Advertisement

Conservative websites, commentators misrepresent WEF panel on ecocide

An activist spoke at the World Economic Forum (WEF) about trying cases of severe environmental harm -- not prosecuting farmers, as some conspiratorial websites and commentators allege. Jojo Mehta told AFP her independent nonprofit does not advocate charging "ordinary people" with ecocide, and experts say there is no such international law.

"At the WEF they said farming and fishing should be a 'serious crime.' They want total control," says commentator  Peter Imanuelsen, also known as Peter Sweden, in a January 24, 2024 post on X, formerly Twitter.

Conservative US website Human Events published an article the next day saying the supposed regulations would make "earning a living farming, fishing, and drilling" akin to "genocide." The Epoch Times similarly claimed in a January 29 X post that farmers "could face criminal prosecution."

"This was among the more controversial positions expressed by a participant at the 2024 World Economic Forum in Davos," said the newspaper backed by the Falun Gong Chinese spiritual movement and which AFP has fact-checked for other misinformation.

<span>Collage of X post screenshots created January 31, 2024</span>
Collage of X post screenshots created January 31, 2024

The posts echo prior conspiracy theories from American commentators such as InfoWars founder Alex Jones. They cite as evidence a short clip of Mehta, co-founder of Stop Ecocide International, speaking during a January 16 panel at the WEF's annual meeting in Davos, Switzerland.

"Ecocide as a word is becoming better known around the world, and the concept is generally mass damage and destruction of nature," she said during the session (archived here), adding that her organization has advocated for recognizing ecocide as a "serious crime."

But the posts misrepresent Mehta's comments and the definition of ecocide.

"If anyone has actually bothered to listen or even spend two minutes on our website, they'd have realized that I was absolutely not saying that ordinary fishermen and farmers were going to get criminalized -- quite the contrary," she told AFP on January 30.

"This is aimed at the biggest polluters and those that cause really severe damage. This is not about punishing the little guy in any way, shape or form."

'Big-scale damage'

Stop Ecocide International defines the term on its website as "mass damage and destruction of ecosystems -- severe harm to nature which is widespread or long-term" (archived here).

Although there is no international law criminalizing ecocide, several countries have moved to do so -- which Mehta said during her WEF panel is "super, super important."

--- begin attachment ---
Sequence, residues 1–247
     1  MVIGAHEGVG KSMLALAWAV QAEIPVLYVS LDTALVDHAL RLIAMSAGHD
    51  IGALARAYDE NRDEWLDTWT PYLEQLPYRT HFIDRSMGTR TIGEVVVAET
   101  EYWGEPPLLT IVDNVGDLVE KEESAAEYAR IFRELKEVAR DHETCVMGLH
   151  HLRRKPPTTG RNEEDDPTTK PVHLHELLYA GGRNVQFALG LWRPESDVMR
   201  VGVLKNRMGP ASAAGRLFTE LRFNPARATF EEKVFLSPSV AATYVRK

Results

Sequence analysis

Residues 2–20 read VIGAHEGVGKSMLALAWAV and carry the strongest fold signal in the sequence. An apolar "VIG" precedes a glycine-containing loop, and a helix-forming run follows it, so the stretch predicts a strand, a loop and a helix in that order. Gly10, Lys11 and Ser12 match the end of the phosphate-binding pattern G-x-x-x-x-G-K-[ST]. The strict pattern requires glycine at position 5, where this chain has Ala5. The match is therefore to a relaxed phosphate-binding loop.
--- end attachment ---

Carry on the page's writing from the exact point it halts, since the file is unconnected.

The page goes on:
"It's not an innovation in the sense that it's not a completely new crime; it's building on an existing environmental law that is currently being ignored or gamed," she said during the session, titled "Where Nature Meets Conflict."

She told AFP legal recognition of ecocide would not aim to criminalize "ordinary people," as the social media posts imply (archived here).

"You're looking at big-scale damage," she said, citing mass deforestation or industrial pollution as examples.

<span>Graphic showing forest area and forest area lost from 2000 to 2021 and in 2022 in the ten countries with the most forested area, according to Global Forest Watch</span><div><span>AFP</span></div>
Graphic showing forest area and forest area lost from 2000 to 2021 and in 2022 in the ten countries with the most forested area, according to Global Forest Watch
AFP
<span>Atmospheric concentrations of the main greenhouse gases (carbon dioxide, methane and nitrous oxide) between 1984 and 2022, based on data by the World Meteorological Organization</span><div><span>Maxence D'AVERSA</span><span>Laurence SAUBADU</span><span>AFP</span></div>
Atmospheric concentrations of the main greenhouse gases (carbon dioxide, methane and nitrous oxide) between 1984 and 2022, based on data by the World Meteorological Organization
Maxence D'AVERSALaurence SAUBADUAFP

Christina Voigt, a University of Oslo law professor who participated in an expert panel to coin the legal definition of ecocide (archived here), agreed, saying criminalization efforts would focus on "the most severe environmental harm" that is either illegal or "carried out with reckless disregard for the negative environmental consequences."

"I fail to see how a farmer or fisherman could ever reach such threshold," she said January 23.

If such an offense were added to the Rome Statute, the International Criminal Court (ICC) could hear cases. But that does not mean the body could then prosecute farmers.

"If we are talking about individuals located in the US, and if their 'crimes' were committed in the US, then the ICC would not have jurisdiction at all," said Milena Sterio, an international law professor at Cleveland State University in the state of Ohio.

AFP has fact-checked other false and misleading claims about climate change here.